They’re cowards, not master thieves
October 22, 2005
Karl Terry: PNT Managing Editor
Dirty little coward. That’s the best description I can come up with for someone who would steal from the elderly.
If you missed it in the paper this week, I’m talking about the recent bear caper that occurred at The Bee Hive assisted living home on South Main. Someone stole a chainsaw carving of a bear off the front porch at the home during the dark of the night. The bear was thought to be perpetually inspecting a wooden bee hive hanging from the porch for honey, until he went missing a couple weeks ago.
He had reportedly made a lot of friends among the seniors at the home and had become the mascot for the facility. But now he’s gone. Taken by someone with larceny in their hearts and likely not a clue as to what they would do with the ursine beast once he possessed it.
The PNT’s story evidently activated some interest in the case as the manager told me late this week that she had fielded several calls from the citizenry reporting bear sightings, I even offered one myself. Unfortunately, as far as we know, none of them has produced the A.W.O.L. bruin.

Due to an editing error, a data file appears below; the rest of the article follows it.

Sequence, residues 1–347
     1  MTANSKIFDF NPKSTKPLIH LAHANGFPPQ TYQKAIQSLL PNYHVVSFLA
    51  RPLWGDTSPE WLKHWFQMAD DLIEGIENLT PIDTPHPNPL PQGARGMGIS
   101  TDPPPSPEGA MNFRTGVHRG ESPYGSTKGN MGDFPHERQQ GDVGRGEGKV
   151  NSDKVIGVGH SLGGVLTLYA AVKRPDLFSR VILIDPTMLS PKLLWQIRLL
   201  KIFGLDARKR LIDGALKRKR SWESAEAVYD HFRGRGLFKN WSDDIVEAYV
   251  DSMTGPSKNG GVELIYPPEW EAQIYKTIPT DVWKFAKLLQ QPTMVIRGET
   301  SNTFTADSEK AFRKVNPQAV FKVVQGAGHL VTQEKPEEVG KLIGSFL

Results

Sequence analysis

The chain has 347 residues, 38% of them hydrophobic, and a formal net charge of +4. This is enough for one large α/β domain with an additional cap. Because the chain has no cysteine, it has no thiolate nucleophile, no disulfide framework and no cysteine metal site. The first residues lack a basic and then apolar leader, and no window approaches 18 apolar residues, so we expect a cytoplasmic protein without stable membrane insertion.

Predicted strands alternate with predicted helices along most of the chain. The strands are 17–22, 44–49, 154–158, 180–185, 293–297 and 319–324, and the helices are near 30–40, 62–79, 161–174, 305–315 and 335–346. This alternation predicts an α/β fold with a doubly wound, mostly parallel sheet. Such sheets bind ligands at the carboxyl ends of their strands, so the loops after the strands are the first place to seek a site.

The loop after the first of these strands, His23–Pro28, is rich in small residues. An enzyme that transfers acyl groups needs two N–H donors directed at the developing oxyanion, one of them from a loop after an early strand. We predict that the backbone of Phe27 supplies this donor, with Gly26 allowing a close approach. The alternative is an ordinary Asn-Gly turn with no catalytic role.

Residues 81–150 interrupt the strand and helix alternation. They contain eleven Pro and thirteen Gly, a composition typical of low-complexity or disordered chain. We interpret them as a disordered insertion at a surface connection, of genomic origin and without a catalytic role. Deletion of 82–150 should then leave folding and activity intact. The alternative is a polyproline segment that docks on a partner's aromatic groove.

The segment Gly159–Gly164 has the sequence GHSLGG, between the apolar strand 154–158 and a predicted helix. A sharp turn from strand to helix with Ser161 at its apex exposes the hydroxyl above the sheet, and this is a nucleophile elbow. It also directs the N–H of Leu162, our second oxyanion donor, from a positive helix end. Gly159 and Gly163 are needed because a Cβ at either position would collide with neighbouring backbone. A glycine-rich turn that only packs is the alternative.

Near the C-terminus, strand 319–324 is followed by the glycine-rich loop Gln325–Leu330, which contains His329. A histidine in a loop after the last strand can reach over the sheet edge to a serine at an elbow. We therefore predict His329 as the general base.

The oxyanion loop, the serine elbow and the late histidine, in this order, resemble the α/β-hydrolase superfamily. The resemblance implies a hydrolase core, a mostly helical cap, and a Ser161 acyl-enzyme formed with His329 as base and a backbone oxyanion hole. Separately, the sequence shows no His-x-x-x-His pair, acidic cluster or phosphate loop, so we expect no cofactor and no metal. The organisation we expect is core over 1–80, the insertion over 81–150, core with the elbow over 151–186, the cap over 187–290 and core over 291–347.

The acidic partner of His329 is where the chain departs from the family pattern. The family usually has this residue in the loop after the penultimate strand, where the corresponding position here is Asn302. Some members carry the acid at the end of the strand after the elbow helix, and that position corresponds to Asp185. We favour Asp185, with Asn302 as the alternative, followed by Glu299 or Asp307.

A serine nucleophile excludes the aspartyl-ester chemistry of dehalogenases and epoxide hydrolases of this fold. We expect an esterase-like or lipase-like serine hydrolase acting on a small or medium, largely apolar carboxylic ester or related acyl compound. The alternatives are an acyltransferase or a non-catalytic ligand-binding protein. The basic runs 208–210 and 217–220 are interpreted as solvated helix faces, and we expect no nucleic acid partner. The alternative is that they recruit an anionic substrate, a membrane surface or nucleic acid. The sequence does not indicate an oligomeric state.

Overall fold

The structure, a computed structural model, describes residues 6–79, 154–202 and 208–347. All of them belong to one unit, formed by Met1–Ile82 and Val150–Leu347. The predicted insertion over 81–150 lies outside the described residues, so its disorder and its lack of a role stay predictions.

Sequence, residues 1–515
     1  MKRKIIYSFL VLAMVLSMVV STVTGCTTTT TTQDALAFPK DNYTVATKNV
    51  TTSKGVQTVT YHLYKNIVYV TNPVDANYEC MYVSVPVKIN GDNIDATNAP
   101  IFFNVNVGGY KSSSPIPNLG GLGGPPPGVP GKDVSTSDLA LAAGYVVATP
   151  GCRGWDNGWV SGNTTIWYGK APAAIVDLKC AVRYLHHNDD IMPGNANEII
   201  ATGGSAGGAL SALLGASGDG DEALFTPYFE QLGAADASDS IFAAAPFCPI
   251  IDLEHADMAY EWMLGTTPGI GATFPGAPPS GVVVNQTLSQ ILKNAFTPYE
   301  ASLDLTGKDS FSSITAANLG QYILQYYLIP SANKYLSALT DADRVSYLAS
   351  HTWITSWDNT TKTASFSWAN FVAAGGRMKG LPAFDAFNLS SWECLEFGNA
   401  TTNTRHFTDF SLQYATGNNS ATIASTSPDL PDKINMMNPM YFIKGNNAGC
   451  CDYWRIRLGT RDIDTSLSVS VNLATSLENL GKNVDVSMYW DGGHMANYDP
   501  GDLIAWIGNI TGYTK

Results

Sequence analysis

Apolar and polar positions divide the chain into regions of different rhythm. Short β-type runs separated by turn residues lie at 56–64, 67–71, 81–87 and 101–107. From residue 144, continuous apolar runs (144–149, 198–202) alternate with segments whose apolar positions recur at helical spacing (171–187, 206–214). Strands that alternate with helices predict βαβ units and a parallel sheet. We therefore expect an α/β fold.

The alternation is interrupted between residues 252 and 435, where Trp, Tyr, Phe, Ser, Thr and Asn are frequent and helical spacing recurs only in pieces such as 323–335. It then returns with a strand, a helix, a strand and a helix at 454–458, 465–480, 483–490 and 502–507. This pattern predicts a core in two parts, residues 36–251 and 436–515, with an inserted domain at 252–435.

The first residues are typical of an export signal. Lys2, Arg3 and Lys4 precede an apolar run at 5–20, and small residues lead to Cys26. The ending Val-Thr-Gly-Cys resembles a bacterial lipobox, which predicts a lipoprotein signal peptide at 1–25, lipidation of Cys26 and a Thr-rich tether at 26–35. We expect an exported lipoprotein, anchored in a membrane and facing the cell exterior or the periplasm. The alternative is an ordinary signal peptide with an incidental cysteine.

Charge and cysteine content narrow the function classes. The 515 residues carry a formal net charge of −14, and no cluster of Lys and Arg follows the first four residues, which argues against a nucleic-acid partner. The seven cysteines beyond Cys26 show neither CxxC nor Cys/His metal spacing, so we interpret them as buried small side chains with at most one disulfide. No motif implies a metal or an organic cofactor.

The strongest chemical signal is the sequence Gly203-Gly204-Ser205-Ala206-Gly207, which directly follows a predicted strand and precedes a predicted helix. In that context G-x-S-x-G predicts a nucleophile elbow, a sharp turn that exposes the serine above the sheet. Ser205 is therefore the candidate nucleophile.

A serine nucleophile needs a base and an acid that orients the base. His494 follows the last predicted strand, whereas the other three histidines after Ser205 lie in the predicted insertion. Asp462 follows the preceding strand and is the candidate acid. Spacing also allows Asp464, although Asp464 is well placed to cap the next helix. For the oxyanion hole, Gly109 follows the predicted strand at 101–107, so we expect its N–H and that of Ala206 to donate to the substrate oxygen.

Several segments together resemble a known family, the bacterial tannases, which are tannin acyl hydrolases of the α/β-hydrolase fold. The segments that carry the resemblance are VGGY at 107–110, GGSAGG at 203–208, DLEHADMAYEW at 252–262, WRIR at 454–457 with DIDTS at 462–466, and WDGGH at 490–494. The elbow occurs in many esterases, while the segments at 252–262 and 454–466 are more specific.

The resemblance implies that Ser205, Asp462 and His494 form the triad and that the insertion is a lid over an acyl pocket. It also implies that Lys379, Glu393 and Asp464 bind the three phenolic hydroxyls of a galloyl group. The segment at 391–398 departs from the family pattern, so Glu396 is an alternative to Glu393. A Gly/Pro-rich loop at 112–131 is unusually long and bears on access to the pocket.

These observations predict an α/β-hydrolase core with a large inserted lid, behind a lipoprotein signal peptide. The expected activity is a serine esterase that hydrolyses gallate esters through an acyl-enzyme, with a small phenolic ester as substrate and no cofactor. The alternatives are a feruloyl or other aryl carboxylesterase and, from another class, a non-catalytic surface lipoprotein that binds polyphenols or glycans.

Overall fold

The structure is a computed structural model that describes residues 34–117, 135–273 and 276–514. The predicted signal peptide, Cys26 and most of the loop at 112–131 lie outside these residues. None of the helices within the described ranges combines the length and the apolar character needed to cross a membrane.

One bit of good news was the call I got from Harve Twight from KEDU Public Radio in Ruidoso. Harve had read the story and it outraged him as much as it did me. He was looking for a way to hook The Bee Hive up with a new bear by tapping his chainsaw artist contacts in Ruidoso. I still haven’t heard back how that’s going but it’s not nearly as good as if whoever stole the bear would just put it back.
Thinking about how nice it would be if the two-bit criminal would return the thing, I was reminded of the movie The Thomas Crown Affair. There were actually two of them, one in 1968 and another in 1999.
Wealthy businessman Thomas Crown, played by Pierce Brosnan in 1999 and Steve McQueen in 1968, is also a master thief who specializes in stealing works of art for his own personal pleasure. He pulls off an unbelievable caper, stealing a priceless painting, against great odds, only to allow love to get in the way and cause his conscience to make him (I’m giving away the plot here) put it back.
I seriously doubt that whoever stole the bear is a wealthy art collector in the community, who will just enjoy having it in their collection. I also doubt that they even got much more enjoyment than the kick of pulling it off. So, obviously, the best way to appeal to this person to do the right thing, is to challenge them to put it back.
I thought about that a little bit and decided that stealing it over there on that corner with no house across the street wasn’t that much of a challenge. Prove how good you really are by leaving it on the courthouse steps some night.
That probably won’t happen though, because we’re not dealing with the likes of Thomas Crown here — we’re dealing with a dirty little coward.